Can you remember a time when we’ve entered a season, or even a single game, with so many questions surrounding our beloved Colts? I sure can’t, which is why I’m presenting this first game preview to you in a series of questions, the answers to which will go a long way toward determining the outcome of Game 1 and the season itself. Here, then, are five big questions to ponder as the Colts travel to Houston to play against the Texans, without Peyton Manning.
Can Kerry Collins ably lead the Colts offense?
My guess is that he can, simply because he’s been a successful NFL quarterback for the past 15+ years, and that ability doesn’t evaporate overnight. Still, Collins is 38, he’s immobile and, well, he’s not Manning. All in all, though, Collins is probably about the best option we could have hoped for. Of course, other factors will affect his impact …
Is the Colts’ offensive line markedly improved?
I dunno. It’s markedly different, but it remains to be seen how the reshuffling changes the final product. I think Anthony Castonzo has the potential to be a star at left tackle, but I don’t have much confidence in Ryan Diem. I also hope to see a healthy dose of rookie Ben Ijalana early in the season. Keeping Diem and Mike Pollak was a questionable tactic and actually limits the line’s depth compared to other available options (Jacques McClendon, Jake Kirkpatrick).
Can the Colts stop the run?
Honestly, I doubt it. Even if Arian Foster can’t go on Sunday, or cant’ go as hard, Ben Tate is waiting in the wings. Tate has exhibited big-play ability and could use the Colts to propel his career, much as Foster did last season. The Colts added some depth on defense during the off-season, and Drake Nevis, Adrian Moten and Ernie Sims will probably get a chance to show that they can help stuff the run, even though they’re not at the top of the depth chart to start the season.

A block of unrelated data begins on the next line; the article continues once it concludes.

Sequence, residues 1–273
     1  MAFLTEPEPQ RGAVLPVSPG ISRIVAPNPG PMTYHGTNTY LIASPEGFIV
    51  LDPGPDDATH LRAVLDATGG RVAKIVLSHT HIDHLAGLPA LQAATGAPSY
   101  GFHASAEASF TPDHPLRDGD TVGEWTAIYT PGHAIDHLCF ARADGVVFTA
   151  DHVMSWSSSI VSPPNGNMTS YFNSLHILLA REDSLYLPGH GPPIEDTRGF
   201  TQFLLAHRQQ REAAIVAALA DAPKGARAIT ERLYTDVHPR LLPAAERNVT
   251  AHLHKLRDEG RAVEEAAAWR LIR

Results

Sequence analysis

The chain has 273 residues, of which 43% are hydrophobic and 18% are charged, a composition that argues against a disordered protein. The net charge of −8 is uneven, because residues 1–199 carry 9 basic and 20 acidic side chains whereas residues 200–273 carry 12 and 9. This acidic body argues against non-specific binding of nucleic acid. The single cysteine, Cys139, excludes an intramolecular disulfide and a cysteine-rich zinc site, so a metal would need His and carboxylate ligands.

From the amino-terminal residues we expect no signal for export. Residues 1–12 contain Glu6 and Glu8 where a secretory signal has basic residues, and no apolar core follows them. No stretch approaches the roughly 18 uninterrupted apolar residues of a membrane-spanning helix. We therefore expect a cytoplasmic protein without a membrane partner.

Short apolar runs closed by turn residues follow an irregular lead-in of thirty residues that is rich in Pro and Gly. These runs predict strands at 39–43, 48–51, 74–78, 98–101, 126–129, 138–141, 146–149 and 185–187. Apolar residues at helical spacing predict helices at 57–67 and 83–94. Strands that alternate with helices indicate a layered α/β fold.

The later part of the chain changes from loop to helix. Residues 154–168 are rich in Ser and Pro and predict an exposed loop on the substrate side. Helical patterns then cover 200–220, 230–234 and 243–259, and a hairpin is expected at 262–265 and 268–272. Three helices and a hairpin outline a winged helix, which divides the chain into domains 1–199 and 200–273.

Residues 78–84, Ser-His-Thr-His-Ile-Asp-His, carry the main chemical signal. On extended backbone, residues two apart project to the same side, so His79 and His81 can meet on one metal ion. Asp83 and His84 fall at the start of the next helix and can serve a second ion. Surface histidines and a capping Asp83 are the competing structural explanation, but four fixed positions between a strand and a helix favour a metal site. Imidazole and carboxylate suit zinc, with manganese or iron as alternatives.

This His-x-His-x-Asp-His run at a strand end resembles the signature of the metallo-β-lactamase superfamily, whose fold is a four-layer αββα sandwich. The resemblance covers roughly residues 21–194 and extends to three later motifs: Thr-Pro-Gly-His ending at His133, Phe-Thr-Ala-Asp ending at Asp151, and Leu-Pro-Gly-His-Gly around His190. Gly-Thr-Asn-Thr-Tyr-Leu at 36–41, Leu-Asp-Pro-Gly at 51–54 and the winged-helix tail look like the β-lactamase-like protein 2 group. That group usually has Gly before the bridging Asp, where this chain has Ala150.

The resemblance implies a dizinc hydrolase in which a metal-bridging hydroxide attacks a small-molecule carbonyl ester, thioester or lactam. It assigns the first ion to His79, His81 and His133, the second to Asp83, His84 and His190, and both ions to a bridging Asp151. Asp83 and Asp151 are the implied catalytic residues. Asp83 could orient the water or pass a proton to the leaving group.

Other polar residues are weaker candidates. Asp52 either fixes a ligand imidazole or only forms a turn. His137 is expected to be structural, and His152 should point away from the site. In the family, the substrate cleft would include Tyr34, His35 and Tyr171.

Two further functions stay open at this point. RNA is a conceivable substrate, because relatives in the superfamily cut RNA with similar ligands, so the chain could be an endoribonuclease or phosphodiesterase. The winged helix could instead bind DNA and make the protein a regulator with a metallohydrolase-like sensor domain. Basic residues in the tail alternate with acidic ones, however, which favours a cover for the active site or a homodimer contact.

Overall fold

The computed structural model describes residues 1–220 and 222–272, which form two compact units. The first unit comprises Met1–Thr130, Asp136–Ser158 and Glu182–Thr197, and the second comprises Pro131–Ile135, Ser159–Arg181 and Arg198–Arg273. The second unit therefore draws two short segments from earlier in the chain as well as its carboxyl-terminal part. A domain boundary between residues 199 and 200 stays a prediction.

Unfortunately, even if the run-stopping has improved, the secondary probably has not. Matt Schaub has been anointed as the greatest QB in the division now, and he might get his chance to earn those stripes.
Can the Colts run the ball?
Again, I don’t know, but they probably need to establish something on the ground if they hope to beat the Texans. The offense clearly won’t be as flamboyant as it would have been under Manning, especially with the Texans’ much ballyhooed switch to Wade Phillips’ 3-4 defense. That likely means the Colts should try to pound the ball up the middle, but that hasn’t been their strong suit in the past. Joseph Addai is a skillful blocker, so we might see some Addai-led runs by rookie Delone Carter, who looks like a comer.
Can Jim Caldwell coach without Manning?
It’s a poorly kept secret that many Colts observers think Jim Caldwell is ineffective at best and a Manning puppet at worst. Without #18 in the pocket, Caldwell will come under even more scrutiny from Colts fans, and he might be the scapegoat if the season falls apart quickly. My opinion is that Caldwell is not a real difference maker, but he’s not a complete bumbler, either. This year will go a long way toward determining his future as an NFL head coach.
With all of that said, I think there are enough questions for both teams that there is no clear-cut prediction for this game, and I’ll stick with the hometown guys until they show me I’m wrong. Colts win, 21-17.